Ten Ways Economics Gets It Wrong

Book - 2010
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From the inability of wealth to make us happier, to our catastrophic blindness to the credit crunch, Economyths reveals ten ways in which economics has failed us all.

Forecasters predicted a prosperous year in 2008 for financial markets - in one influential survey the average prediction was for an eleven percent gain. But by the end of the year, the Standard and Poor's 500 index - a key economic barometer - was down 38 percent, and major economies were plunging into recession. Even the Queen asked - "Why did no one see it coming?"

An even bigger casualty was the credibility of economics, which for decades has claimed that the economy is a rational, stable, efficient machine, governed by well-understood laws.

Mathematician David Orrell traces the history of this idea from its roots in ancient Greece to the financial centres of London and New York, shows how it is mistaken, and proposes new alternatives. Economyths explains how the economy is the result of complex and unpredictable processes; how risk models go astray; why the economy is not rational or fair; why no woman has ever won the Nobel Prize for economics; why financial crashes are less Black Swans than part of the landscape; and finally, how new ideas in mathematics, psychology, and environmentalism are helping to reinvent economics.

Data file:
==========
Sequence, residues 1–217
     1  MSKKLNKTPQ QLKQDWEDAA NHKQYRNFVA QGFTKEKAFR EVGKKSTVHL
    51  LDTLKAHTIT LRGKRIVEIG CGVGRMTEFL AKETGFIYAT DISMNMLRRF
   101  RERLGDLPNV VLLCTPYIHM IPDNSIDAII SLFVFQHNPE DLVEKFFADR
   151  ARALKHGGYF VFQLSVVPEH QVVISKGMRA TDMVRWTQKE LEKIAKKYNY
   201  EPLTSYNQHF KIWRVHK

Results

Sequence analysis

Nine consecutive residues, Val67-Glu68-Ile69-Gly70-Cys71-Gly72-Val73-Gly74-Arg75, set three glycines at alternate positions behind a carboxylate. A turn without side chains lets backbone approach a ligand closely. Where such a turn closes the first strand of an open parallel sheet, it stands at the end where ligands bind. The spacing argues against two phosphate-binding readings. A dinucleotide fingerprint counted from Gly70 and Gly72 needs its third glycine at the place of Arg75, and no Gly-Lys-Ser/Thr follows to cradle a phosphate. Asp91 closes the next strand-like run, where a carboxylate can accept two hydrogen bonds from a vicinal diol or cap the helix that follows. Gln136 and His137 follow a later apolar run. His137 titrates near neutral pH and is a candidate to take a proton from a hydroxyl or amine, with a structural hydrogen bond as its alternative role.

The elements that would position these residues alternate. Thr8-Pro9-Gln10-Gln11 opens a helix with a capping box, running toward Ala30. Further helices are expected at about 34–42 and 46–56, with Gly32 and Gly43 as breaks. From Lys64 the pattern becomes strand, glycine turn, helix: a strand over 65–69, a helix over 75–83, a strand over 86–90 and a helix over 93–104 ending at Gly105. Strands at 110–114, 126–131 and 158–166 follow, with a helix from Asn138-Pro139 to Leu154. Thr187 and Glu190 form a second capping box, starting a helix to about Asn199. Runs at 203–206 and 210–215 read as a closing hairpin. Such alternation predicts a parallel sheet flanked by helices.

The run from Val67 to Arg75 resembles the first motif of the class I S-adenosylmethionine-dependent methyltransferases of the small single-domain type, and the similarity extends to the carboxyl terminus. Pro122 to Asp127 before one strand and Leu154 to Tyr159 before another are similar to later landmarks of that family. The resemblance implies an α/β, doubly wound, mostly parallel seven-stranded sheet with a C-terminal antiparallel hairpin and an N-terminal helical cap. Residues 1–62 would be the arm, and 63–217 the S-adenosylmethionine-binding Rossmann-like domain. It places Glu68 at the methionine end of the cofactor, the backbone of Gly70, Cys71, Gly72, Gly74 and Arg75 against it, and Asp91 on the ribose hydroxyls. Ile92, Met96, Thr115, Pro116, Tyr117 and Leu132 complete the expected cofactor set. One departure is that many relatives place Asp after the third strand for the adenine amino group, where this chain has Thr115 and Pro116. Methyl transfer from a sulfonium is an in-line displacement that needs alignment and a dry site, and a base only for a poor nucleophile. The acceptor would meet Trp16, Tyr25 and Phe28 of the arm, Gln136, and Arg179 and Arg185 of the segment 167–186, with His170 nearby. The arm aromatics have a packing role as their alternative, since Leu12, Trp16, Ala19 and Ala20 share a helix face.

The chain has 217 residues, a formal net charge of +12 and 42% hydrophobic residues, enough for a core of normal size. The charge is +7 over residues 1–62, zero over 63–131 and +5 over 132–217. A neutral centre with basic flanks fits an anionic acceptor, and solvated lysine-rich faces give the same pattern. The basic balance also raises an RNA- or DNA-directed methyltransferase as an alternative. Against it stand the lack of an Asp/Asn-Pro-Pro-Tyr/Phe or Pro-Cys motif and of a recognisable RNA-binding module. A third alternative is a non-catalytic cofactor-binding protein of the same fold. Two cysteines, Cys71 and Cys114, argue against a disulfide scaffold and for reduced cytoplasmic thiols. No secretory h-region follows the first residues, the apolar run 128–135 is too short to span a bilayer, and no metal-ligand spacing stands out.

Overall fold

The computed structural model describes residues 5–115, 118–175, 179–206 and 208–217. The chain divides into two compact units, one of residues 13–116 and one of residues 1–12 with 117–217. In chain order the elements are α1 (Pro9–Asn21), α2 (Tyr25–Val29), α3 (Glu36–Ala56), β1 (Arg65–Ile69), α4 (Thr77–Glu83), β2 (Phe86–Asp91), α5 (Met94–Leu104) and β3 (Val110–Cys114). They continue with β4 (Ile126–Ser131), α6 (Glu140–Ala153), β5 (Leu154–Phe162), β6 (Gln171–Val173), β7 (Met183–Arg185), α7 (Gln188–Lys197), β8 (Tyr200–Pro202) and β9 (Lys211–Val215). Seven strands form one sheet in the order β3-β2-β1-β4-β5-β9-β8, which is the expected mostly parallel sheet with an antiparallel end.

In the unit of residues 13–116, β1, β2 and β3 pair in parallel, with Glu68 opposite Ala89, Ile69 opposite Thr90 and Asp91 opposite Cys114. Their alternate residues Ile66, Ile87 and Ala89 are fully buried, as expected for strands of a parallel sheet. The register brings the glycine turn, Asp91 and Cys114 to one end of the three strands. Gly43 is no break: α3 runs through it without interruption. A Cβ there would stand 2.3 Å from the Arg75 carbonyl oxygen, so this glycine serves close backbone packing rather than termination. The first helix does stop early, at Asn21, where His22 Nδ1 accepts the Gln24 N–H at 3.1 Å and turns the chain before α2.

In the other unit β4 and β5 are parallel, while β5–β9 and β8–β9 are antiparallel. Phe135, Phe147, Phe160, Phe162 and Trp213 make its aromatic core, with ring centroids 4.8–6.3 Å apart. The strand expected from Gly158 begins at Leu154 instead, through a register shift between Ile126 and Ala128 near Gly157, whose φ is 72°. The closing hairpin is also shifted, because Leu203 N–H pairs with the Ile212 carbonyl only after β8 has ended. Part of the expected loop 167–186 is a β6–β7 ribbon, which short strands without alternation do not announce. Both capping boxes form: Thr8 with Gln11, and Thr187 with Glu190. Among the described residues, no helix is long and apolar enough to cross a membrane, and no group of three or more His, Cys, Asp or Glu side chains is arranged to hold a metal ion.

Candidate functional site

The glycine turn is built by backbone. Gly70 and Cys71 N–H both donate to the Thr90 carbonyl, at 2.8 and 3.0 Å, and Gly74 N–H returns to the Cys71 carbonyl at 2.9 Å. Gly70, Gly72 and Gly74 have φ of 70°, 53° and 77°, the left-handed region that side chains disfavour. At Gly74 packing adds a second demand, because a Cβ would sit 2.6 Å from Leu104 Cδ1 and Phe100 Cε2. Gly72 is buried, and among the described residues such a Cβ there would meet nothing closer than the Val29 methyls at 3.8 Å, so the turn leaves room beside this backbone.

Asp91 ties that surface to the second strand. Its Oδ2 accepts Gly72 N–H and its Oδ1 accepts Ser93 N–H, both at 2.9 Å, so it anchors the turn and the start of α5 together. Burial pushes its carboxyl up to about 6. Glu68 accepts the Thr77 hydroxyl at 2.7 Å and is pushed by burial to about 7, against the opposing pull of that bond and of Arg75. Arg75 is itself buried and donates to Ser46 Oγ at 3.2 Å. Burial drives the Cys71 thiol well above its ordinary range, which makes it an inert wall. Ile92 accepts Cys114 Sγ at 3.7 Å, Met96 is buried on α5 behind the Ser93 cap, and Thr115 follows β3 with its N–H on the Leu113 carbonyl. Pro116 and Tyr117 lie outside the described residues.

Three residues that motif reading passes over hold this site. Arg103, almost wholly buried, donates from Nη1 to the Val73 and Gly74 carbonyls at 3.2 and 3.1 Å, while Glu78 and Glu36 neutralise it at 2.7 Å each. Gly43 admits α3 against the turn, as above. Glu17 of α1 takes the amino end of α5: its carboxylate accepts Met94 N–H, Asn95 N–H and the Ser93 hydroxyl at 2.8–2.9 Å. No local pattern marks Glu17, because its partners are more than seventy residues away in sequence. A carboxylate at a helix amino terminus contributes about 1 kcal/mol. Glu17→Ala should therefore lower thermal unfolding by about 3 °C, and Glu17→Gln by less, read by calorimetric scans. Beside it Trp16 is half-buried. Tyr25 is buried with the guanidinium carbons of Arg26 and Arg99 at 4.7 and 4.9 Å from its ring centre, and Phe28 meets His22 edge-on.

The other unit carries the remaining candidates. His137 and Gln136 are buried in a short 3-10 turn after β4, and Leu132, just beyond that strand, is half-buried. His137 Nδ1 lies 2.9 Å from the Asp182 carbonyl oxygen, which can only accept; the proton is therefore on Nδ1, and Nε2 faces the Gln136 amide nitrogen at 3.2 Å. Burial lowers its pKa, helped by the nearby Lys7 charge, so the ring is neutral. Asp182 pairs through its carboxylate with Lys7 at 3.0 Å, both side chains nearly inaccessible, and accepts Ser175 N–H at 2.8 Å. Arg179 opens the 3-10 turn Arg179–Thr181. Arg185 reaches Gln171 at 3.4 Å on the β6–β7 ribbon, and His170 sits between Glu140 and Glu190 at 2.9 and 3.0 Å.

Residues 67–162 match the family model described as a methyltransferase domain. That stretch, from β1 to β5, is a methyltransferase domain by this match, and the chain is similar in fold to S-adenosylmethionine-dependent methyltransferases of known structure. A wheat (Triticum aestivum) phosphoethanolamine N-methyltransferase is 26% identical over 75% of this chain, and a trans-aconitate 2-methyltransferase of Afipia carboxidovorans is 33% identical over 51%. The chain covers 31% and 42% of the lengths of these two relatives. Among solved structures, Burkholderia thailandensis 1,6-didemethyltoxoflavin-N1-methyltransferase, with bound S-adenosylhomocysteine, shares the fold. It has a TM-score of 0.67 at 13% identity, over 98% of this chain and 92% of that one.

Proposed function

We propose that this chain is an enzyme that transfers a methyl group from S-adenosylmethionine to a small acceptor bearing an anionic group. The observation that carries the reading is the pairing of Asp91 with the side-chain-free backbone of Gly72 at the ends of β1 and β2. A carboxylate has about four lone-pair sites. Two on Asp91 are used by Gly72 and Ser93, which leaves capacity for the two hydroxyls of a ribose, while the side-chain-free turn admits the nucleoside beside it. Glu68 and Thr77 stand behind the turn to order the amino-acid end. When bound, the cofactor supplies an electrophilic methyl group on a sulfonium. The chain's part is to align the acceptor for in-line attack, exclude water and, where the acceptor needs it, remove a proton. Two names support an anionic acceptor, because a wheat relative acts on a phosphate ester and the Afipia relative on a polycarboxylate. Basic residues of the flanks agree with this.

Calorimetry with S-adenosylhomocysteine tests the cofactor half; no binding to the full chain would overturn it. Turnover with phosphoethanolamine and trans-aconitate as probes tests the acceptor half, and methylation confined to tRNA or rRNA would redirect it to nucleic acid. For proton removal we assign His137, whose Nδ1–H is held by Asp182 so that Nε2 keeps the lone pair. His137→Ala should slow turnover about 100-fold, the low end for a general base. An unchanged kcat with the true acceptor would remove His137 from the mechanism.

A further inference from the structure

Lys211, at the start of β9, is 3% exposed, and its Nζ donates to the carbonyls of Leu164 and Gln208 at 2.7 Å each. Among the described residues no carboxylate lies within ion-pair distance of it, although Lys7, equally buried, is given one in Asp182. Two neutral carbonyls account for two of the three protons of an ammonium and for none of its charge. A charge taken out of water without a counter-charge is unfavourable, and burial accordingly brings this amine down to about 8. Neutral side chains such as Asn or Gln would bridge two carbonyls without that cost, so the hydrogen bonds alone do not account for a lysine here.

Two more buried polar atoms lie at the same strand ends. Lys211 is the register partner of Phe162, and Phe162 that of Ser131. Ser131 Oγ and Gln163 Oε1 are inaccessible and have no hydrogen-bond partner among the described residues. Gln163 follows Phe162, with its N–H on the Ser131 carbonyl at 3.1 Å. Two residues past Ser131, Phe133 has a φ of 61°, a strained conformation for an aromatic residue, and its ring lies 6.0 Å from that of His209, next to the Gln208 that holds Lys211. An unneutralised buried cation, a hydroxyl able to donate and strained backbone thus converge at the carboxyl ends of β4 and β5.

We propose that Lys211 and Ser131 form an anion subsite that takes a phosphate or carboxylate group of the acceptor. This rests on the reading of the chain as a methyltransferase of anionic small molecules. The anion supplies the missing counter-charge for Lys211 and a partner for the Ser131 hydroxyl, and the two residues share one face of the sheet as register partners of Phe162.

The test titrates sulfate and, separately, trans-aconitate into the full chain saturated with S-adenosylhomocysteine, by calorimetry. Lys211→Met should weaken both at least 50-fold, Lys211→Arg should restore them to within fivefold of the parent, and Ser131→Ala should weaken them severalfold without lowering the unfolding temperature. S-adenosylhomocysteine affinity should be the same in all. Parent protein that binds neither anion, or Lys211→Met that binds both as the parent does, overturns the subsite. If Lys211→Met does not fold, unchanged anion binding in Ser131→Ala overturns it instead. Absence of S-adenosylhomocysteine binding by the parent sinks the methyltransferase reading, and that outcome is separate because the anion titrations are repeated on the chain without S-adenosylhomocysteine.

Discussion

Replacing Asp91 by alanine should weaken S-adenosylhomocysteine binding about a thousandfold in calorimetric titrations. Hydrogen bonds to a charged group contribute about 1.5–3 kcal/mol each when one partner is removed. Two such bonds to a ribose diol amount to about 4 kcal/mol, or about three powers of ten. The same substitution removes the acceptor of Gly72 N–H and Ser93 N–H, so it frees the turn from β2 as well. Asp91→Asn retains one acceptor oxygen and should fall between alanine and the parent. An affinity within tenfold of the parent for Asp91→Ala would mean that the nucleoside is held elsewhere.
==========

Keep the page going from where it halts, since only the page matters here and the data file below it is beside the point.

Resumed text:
Publisher: Mississauga, Ont. : John Wiley & Sons Canada, c2010.
ISBN: 9780470677933
Characteristics: 280 p. : ill. ; 24 cm.


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Nov 04, 2016

A cogent critique of modern neoclassical economics. ( The author does not look at any problems with other economic models such as command, purely socialistic or communist economies) There is a real problem in economic thinking and rationalizations many of which are clinging to Keynesian thinking however the author rally does not provide any solutions. ( Though not voiced explicitly, essentially some additional force through government intervention.) Worth reading for the mathematics and the problems with existing economic theory.

Aug 14, 2011

A clearly written critique of conventional economic thinking by a mathematician who demonstrates the faulty premises and modeling that underlies the whole edifice. David Orrell is from Edmonton and a UofA alumnus as well as an Oxford PHD. An excellent and important work.

peageeuu Apr 24, 2011

This is worth a look at. It explains that the approach economists have taken to describe our chaotic dynamic economic life using rules similar to those of physics (static and unchanging) means economists always end up surprised.

If you have also read Ismael by Quin you might enjoy p.168

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